U.S. Base Oil Output Slips 5.7%


For U.S. base oil producers, 2012 seems to be shaping up a lot like 2010. Refiners output of lubricant base oils reached 29.3 million barrels in the first six months of this year, down roughly 5.7 percent from the 31.1 million barrels produced in the first half of 2011 but identical to what they manufactured in first-half 2010.

According to data released Thursday by the Energy Information Agency, U.S. paraffinic base oil production from January through June 2012 amounted to 24.2 million barrels, versus 25.4 million barrels for those months in 2011. The same period of 2010 saw production of 24.1 million paraffinic barrels.

Naphthenic production likewise was up-and-down over these same years. Pale oil production in the first six months of this year was just under 5.1 million barrels, down more than 10 percent from last years nearly 5.7 million barrels. In 2010, naphthenics output for the first six months was 5.2 million barrels.

Domestic refiners started 2012 on an optimistic note, but soon some were voicing concern that demand was more temperate than theyd hoped. Most years, refiners take advantage of weak demand in February to perform any needed maintenance work, then begin to ramp up production of base oils during March. This year, the EIA data show, it was April before base oil producers began their march upward.

Plant outages and turnarounds also nibbled away at refinery output in the first half, sources pointed out. On the naphthenics side, several refineries were taken down for maintenance in the first half, including Calumets 6,900 barrel per day site in Princeton, La., Cross Oils in Smackover, Ark. (5,000 b/d), and San Joaquin Refinings in Bakersfield, Calif. (8,100 b/d).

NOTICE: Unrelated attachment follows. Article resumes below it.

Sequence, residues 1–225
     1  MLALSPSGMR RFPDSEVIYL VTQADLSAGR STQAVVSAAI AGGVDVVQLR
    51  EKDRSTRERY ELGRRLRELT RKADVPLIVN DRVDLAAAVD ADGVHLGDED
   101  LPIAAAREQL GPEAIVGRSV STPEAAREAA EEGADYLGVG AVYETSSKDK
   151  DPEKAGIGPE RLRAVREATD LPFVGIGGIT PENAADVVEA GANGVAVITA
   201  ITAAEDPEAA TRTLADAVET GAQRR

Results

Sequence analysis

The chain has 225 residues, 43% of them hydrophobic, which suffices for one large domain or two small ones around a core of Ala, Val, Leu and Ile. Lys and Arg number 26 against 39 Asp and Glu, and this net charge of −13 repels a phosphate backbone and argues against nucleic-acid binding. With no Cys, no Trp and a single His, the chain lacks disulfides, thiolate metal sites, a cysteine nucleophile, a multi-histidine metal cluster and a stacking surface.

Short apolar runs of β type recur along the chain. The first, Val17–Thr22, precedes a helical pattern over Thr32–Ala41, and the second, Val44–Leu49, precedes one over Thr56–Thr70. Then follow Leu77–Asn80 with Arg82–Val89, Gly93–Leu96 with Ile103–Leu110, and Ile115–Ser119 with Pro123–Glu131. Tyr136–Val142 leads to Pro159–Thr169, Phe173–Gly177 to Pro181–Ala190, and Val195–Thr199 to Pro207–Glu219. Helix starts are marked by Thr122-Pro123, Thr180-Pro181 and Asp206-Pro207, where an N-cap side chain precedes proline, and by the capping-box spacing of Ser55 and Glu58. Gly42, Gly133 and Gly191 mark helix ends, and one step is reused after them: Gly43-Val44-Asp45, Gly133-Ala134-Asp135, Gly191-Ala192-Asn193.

Paraffinic refineries had their turnarounds, too, starting with scheduled work in February at Calumets Shreveport, La., plant, which has 11,900 b/d of API Group I/II capacity, and Motivas Port Arthur, Texas, facility, which has 40,300 b/d of Group II capacity spread across three trains. And in Westlake, La., the 22,000 b/d Excel Paralubes Group II refinery had a turnaround which ran from March to the end of April, points out Jamie Brunk with Solomon Associates in Houston.

These planned downtimes may have dented output in the first half, agreed Stephen B. Ames, of SBA Consulting in Pepper Pike, Ohio. But remember, it doesn’t mean supply is more erratic-just that production is more erratic. These refineries, before they go into a turnaround, will fill their tanks so their customers don’t feel any disruption.

More disruptive to the smooth flow of barrels are unplanned outages, he says, such as the one that hit Motiva in May. On May 12, Port Arthur experienced a fire that knocked a lubes hydrotreater off line for a month. It had to put customers on 50 percent allocation of its Star 6 Group II until the repairs were complete.

The U.S. today has fewer players, and fewer but larger plants than it did 10 years ago, Ames observed. So when one goes down for a turnaround or has an operational problem, theres a much bigger impact on production than before. You can see it month to month, when you look at EIA’s data on total base oil output.

More than 80 percent of North America’s Group II capacity is concentrated now at just five sites, he pointed out. Besides Motiva, they include Excel Paralubes; ExxonMobil in Baytown, Texas; Petro-Canada in Mississauga, Ontario; and Chevron’s 20,000 b/d Group II plant in Richmond, Calif.-which is down now because of a fire in a crude unit last month.

In the Group I arena, five plants hold 75 percent of the nameplate capacity: ExxonMobils three (Baton Rouge, La., Baytown and Beaumont, Texas), HollyFrontier in Tulsa, Okla., and PBF Energy in Paulsboro, N.J.

And if you look at naphthenics there are only a few sizable players there too, said Ames. Cross Oil, Calumet, San Joaquin on the West Coast, and Ergon, the big dog.

Whenever any of the above goes down for more than a few days, the effects will likely be seen in the EIA data, he concluded.

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